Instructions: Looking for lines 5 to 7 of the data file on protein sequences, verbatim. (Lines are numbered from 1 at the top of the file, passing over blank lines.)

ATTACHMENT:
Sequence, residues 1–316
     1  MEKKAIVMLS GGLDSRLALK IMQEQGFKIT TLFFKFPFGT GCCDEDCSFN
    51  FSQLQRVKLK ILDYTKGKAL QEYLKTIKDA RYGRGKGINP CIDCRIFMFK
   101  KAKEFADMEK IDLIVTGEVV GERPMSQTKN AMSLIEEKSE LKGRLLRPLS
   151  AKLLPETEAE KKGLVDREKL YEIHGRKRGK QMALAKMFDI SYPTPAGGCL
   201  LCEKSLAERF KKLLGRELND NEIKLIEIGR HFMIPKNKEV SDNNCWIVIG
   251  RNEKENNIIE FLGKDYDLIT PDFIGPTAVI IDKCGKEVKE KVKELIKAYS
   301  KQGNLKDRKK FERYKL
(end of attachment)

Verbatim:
   151  AKLLPETEAE KKGLVDREKL YEIHGRKRGK QMALAKMFDI SYPTPAGGCL
   201  LCEKSLAERF KKLLGRELND NEIKLIEIGR HFMIPKNKEV SDNNCWIVIG
   251  RNEKENNIIE FLGKDYDLIT PDFIGPTAVI IDKCGKEVKE KVKELIKAYS